Soto, Samardzija Up For Rookie of the Month
It looks like I'm four months late on this, but it appears that Rookie of the Month honors in the MLB is voted by the fans. The Cubs have two nominees, Geovany Soto and Jeff Samardzija and they'll go up against Cardinals reliever Chris Perez and Rockies third basemen Ian Stewart. Soto is looking for his second win of the year and voting runs through Monday.
Samardzija provided a bullpen boost for the first-place Cubs. In 14 1/3 innings, he was 1-0 and didn't allow a run. Samardzija had 13 strikeouts during the month. Soto won rookie honors in April and has continued to be a firm offensive and defensive presence for a Chicago team that has taken charge of the NL Central. Soto hit .355 in August with five doubles, three homers and 21 RBIs. Soto drew 13 walks and scored 17 runs while handling himself well behind the plate and providing a level of comfort for the Chicago pitching staff.
A look at Geovany Soto's year compared to other Cubs catchers of years past after the jump...
I looked up the EqA (Equivalent Average) via Baseball Prospectus (adjusted for all-time) of some of our catchers over the years. Top Season as a Cub (with a decent number of AB's for that season) followed by career average:
Gabby Hartnett -.333/.292
Rick Wilkins - .314/.262
Geovany Soto - .297/.297 (not counting his 2007 season for top honors)
Michael Barrett - .292/.250
Bob O'Farrell - .290/.257
Jody Davis - .274/.251
Randy Hundley - .268/.233
if you want to try and adjust for defense, let's take a look at their season using BP's WARP-3 (Wins Above Replacement Adjusted for All-Time) stat.
Gabby Hartnett (1935) - 9.7
Rick Wilkins (1993) - 9.5
Johnny Kling (1903) - 8.7
Geovany Soto (2008) - 8.6 (so far this year)
Bob O'Farrell (1922) - 8.1
Randy Hundley (1969) - 6.5
Jody Davis (1986) - 6.5
Michael Barrett (2004) - 5.3
Back to just the bat, the list of top Cubs catchers sorted by OPS+ (with at least 450 PA's), a list dominated by Gabby Hartnett. Soto's 2008 is currently 7th on the list.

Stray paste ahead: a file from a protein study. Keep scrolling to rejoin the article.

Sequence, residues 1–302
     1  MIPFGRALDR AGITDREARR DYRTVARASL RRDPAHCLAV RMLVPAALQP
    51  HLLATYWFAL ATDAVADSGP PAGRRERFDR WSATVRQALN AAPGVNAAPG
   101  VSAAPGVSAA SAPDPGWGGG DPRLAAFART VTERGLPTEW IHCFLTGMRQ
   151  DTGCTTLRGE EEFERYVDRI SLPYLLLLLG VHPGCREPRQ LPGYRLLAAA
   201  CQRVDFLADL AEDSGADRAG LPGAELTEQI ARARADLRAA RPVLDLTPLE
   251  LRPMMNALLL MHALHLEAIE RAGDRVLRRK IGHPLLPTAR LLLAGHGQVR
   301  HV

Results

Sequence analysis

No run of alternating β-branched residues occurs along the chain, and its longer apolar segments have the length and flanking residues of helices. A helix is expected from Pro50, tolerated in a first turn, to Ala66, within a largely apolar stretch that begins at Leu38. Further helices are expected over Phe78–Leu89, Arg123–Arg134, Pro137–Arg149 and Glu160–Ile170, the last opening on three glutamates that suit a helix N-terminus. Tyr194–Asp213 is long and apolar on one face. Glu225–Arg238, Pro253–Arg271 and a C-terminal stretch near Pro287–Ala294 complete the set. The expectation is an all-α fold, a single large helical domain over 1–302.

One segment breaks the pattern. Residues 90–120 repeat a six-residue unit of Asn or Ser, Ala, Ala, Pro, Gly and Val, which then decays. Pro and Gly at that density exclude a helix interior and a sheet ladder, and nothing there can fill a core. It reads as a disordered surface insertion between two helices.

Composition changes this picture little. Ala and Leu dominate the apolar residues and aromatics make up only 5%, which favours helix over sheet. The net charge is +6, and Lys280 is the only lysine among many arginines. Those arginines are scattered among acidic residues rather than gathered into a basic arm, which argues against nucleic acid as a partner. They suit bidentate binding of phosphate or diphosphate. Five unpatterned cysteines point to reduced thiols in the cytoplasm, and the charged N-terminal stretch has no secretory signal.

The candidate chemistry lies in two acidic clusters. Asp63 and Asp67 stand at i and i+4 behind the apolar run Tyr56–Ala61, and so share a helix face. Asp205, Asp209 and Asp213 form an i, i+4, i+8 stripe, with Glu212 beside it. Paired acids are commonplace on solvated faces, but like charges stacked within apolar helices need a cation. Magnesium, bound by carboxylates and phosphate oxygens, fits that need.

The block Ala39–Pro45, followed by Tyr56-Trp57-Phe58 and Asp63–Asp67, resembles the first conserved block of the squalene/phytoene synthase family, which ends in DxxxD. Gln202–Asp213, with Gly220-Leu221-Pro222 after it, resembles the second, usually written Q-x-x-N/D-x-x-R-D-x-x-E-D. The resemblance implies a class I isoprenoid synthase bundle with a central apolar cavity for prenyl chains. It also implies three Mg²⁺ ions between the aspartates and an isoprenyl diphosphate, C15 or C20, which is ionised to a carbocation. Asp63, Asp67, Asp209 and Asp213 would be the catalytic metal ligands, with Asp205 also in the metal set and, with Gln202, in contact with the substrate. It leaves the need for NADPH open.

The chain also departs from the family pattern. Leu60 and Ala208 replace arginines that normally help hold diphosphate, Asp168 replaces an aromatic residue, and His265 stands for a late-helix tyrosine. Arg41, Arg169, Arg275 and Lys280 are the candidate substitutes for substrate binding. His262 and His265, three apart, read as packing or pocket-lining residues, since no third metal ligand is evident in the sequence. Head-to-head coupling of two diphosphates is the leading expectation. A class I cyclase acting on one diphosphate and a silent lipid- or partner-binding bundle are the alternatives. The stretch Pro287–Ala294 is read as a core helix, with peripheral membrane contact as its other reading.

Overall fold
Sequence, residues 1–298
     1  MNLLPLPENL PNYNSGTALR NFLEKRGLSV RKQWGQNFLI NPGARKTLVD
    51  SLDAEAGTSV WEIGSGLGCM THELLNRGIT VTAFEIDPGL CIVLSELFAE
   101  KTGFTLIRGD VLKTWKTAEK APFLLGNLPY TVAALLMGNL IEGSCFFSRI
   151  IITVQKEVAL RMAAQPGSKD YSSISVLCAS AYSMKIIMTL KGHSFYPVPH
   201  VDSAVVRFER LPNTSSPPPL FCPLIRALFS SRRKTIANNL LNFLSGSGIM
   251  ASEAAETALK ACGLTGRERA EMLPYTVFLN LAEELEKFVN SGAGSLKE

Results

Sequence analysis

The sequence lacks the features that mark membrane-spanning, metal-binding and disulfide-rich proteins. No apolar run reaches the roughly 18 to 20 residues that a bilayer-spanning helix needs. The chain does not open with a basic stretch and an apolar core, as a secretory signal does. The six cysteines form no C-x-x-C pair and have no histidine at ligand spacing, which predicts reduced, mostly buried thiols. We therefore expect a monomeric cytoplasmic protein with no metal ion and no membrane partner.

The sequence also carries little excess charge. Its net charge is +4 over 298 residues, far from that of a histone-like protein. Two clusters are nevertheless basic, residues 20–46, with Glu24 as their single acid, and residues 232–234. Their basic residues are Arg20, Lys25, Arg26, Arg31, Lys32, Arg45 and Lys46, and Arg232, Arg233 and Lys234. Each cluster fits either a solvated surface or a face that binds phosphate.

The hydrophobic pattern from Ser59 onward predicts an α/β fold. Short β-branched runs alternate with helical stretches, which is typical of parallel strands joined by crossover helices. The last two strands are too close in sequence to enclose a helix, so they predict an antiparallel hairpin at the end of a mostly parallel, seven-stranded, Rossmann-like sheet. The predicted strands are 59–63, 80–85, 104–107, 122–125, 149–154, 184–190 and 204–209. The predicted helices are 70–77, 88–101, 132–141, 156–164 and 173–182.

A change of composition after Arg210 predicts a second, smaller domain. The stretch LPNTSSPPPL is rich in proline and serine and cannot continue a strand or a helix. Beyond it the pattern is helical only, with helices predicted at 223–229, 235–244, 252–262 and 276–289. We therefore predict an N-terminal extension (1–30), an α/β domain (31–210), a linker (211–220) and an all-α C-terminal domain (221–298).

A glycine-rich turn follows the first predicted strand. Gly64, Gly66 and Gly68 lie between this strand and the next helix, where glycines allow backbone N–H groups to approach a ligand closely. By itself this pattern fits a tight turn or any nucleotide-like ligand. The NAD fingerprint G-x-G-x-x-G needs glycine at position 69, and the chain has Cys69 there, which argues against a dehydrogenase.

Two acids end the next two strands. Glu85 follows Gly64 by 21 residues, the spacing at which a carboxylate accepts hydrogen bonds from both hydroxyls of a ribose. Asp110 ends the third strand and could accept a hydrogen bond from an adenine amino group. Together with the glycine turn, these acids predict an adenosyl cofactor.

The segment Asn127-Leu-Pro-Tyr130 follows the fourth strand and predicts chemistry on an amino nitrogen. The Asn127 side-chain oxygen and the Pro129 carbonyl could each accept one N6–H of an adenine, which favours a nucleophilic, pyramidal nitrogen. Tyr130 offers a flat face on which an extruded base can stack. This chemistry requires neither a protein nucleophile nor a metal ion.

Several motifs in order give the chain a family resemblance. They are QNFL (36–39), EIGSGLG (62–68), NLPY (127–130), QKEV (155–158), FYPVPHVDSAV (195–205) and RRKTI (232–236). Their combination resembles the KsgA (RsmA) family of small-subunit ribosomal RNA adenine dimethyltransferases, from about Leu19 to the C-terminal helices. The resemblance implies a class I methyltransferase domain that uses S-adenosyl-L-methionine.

- Hartnett (1935) - 151
- Wilkins (1993) - 150
- Hartnett (1930) - 144
- Hartnett (1928) - 142
- O'Farrell (1923) - 131
- Hartnett (1934) - 129
- Soto (2008) - 126
- O' Farrell (1922) - 126
- Kling (1908) - 119
- Kling (1903) - 118
I know, man. What a season. 3rd best record in all of baseball, good enough to have won any division other than the one there in.
With a win tomorrow, the Cubs will match their 2008 record. Bad omen, I know. If they do win, the most recent year in which the Cubs will have won more games would be 1945 (98-56), the last time they went to the World Series.
I'll take that omen instead...
"oh yeah, and get the fuck off my lawn. :D"
Ok, now that was funny. :)
KB 0-5 with 8 LOB. Really? He is torturing me with 99 RBI. He is also a very different hitter at home vs. road. I suspect most young hitters are.
Greinke still in for the 8th. 3 up, 3 down. After 8. 108 pitches, ERA still at 1.66 according to mlb boxscore and he's in line for a 19th win.
Greinke 95 pitches through 7. Gives up one run (solo HR to Hedges). ERA at 1.66. Doubt that they will let him give up 5 runs in the 8th.
Dodgers ahead 2-1.
96 wins with one game to go. Who woulda thunk it.
Cubs 96 wins have clinched a better record than any AL team and the NL West/East division winners too.
cubs win, pirates lose...
the curse is now yours.
cog a HR away from the cycle after a single in the 6th.
Hendricks: 15 up, 15 down.
he strongly separates his post-playing career from his playing career, though he loves to visit the barrier of player and fan. many ex-players don't put up this barrier.
he's not interested in going back to the clubhouse or pretty much anything field/game related, but he'll grab a ticket and observe with the fans and visit ex players on "neutral" ground. he's written 3 pieces for the new yorker and other pieces elsewhere. i remember one photo/bio piece he did, but don't remember where i read it (years ago).
I find your comments rather obtuse. He recognized he didn't want to pursue baseball anymore and went back to school to learn how to become a better writer - opening up a new chapter in his life.
I don't know where you find a "sad disconnection" because he is writing about his experiences? He pursued a ball career for a long time so no doubt there is some meloncholy in his tone, but I just don't know what the fuck you are talking about.
he has an almost sad disconnection from the game based on his writings. even though he's "been there" (no matter how much of a minor role) he doesn't seem to feel like he belongs or deserves to belong in the boy's club.
he seems to go to great lengths to enjoy the game from an arm's length while occasionally getting close enough for a high-5 from those who affirm him that he belongs.
I read that guy's article about why he quit baseball and it was really well done too. In terms of Rizzo, I have seen multiple references to how this is Rizzo's team just as much as Madden's and it makes that pick up that much better that we have someone that is not only a great player but a leader and all around great guy (been reading about all the charity work he does too). There is really nothing not to like about Rizzo.
Nice article on Rizzo
Written by ex teammate
JD concurred with Ariettas second at bat